Is privatisation “the engine of economic growth’? No!

Makwaia Wa Kuhenga

THIS newspaper has this week published a landmark front-page news story. This was this Wednesday’s edition of the Daily News, which story I have concluded is a landmark one; given its political and economic dimensions of the thrust of this country from an economic level.

For our fifth President of this country, Dr John Magufuli, who many of us his countrymen are happy with in reasserting the country’s sovereignty over its natural resources has even gone further in making a self-criticism of the country’s past on the privatisation agenda.

This newspaper quoted the President in a front-page lead story as faulting the privatisation policy of the country in the 1990s as having “failed the nation completely”. For those who missed the story, here are excerpts: “Addressing Itigi residents in Manyoni district, Singida Region on his last day of a marathon working tour upcountry, Dr Magufuli said by privatising its own firms, the government had effectively entered into agreement with what he described as overseas conmen.

“I cannot blame those who privatised our firms, but I can equally not keep quiet,” the newspaper quoted the President as telling a cheering crowd, adding: “I want those who privatised our factories and other state-owned firms to remember that they committed sins and should know that there is someone revealing their sins.

” This newspaper proceeded to quote the President as revealing that over 197 factories that were privatised were currently not around. Dr Magufuli said Europeans had lied to the former leaders of this country that privatisation policy was good; which stance they were not pushing in their own countries.

Official statistics show that some 274 state firms had been privatised by 2012. Among these, 95 were in the agricultural sector, 94 in industry, 23 in infrastructure, 34 in Natural Resources and Tourism, 15 in the energy and mineral sector and 13 in other sectors, according to this newspaper. According to the President, in Germany for example, railways are state owned but Europeans wanted the Tanzania Railways Limited (TRL) privatized.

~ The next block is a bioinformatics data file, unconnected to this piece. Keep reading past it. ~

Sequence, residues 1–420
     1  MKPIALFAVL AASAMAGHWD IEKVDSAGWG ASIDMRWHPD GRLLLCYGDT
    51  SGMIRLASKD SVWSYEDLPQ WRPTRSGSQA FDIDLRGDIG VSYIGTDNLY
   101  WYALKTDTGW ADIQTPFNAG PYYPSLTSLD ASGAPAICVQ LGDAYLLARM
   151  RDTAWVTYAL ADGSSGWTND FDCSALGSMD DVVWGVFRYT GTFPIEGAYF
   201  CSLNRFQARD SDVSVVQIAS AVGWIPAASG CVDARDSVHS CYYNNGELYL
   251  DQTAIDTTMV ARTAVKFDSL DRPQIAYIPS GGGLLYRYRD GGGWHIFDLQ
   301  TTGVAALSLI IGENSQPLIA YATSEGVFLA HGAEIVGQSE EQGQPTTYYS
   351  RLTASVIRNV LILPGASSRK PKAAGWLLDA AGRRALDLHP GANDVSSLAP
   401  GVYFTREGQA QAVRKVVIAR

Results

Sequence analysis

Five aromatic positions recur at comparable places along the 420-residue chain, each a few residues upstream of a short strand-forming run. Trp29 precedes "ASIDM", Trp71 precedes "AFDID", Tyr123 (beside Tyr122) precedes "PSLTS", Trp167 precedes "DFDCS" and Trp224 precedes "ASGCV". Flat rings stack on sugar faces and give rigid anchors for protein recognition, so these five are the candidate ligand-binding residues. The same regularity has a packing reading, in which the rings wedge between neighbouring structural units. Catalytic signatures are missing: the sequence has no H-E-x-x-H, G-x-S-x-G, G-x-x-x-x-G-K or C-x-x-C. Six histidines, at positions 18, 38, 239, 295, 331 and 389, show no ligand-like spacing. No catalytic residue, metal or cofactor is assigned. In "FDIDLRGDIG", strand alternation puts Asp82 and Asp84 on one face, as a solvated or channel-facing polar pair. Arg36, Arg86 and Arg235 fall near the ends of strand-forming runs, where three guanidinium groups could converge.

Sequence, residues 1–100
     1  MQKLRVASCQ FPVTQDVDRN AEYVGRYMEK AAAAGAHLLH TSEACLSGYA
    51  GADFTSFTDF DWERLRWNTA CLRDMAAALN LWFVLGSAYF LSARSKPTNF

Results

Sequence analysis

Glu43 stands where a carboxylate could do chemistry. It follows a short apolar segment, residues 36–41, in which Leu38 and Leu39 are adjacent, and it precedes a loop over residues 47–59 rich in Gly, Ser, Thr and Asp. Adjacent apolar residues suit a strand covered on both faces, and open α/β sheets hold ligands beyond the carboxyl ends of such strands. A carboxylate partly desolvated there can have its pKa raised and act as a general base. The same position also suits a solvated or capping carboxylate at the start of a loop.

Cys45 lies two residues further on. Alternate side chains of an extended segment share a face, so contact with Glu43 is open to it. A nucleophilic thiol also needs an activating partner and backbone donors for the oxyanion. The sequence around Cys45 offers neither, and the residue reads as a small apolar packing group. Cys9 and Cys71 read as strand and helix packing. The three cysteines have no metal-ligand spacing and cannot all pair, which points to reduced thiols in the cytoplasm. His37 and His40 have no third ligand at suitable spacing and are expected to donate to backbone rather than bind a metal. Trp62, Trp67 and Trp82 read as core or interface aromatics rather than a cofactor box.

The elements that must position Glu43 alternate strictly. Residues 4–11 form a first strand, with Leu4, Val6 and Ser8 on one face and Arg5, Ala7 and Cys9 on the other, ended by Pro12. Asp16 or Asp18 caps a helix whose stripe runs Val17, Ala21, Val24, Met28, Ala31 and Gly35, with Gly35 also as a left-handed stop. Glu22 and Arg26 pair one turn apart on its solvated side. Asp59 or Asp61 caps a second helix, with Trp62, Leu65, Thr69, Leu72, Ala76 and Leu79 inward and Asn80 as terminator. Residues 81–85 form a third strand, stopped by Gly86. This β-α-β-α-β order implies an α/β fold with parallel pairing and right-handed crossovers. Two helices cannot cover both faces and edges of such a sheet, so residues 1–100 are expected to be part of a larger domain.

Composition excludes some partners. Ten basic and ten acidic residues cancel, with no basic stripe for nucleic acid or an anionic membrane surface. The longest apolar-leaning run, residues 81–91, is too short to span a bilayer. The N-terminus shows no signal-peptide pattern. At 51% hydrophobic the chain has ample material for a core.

This newspaper revealed that a report by the now defunct Consolidated Holding Corporation (CHS) before it was disbanded in 2014 had indicated that 40 state-owned firms had been lined up for privatization.

Among them were the National Bank of Commerce (NBC), National Insurance Corporation, Air Tanzania Company Ltd (ATCL), the Tanzania Communication Company Ltd (TTCL), Tanzania Postal Corporation and the Kiwiri Coal Mine which firms are today surging forward very strong - un-privatized.

Having thus depicted the overall economic landmark, this newspaper quoted the President as saying had the country earlier rejected the privatization agenda as imposed by the West, nobody could now be struggling to revamp the industrial sector to transform the country into an industrial economy.

“If there are any mistakes that were made as I have pointed them out, it is about time I personally rectified them because you elected me to become your President and I am not sure if my successor will be able to face this challenge,” this newspaper has quoted the President as saying. As eluded at the outset of this perspective, this story as published by this newspaper this week is a landmark story. But it is a pointer both to the courage of the current President in office - to reveal what this country has been subjected in the past.

Those who have been around since the founding Administration of Mwalimu Julius Nyerere would agree that in spite of the country’s early post independence bottlenecks, there was clearly significant progress in so far as industrialisation was concerned.

In only the first two decades of national independence we had seen the rise of industries and factories here reflective of the country’s agricultural potential. Instead of petty traders lining up the streets of our major towns selling second hand clothes and other petty goods as is the case today, jobs were assured for most Tanzanian youths, being allocated jobs right at the conclusion of their schooling as opposed to today.

Actually, serious people know that this country is today facing a time bomb given the escalating gap between the haves and have-nots in this country due to lack of productive undertakings.

Clearly, as enticed by the President, the privatization agenda in the subsequent post-Nyerere administrations were not voluntarily embraced; they were pushed into the throats of our leaders as a quid pro quo for western economic support, hence the World Bank and International Monetary Fund (IMF) quid pro quos.

If privatisation was really the “engine of economic growth” how is our lot today? Are we any better off? Effectively, the dos and don’ts by some of the Europeans and their institutions literally gagged our mouths and eyes which resulted into our failure, for instance, to see the looting of our minerals that had taken place starting eighteen years ago with the mineral sand that was being shipped out of the country with wanton abandon.

So really, in a sense, we are lucky with the assumption of office of President John Joseph Pombe Magufuli who is seeing this game being played on us very clearly and have the courage to speak out. As a people, we need to support him massively and publicly to continue the struggle to a victorious end.

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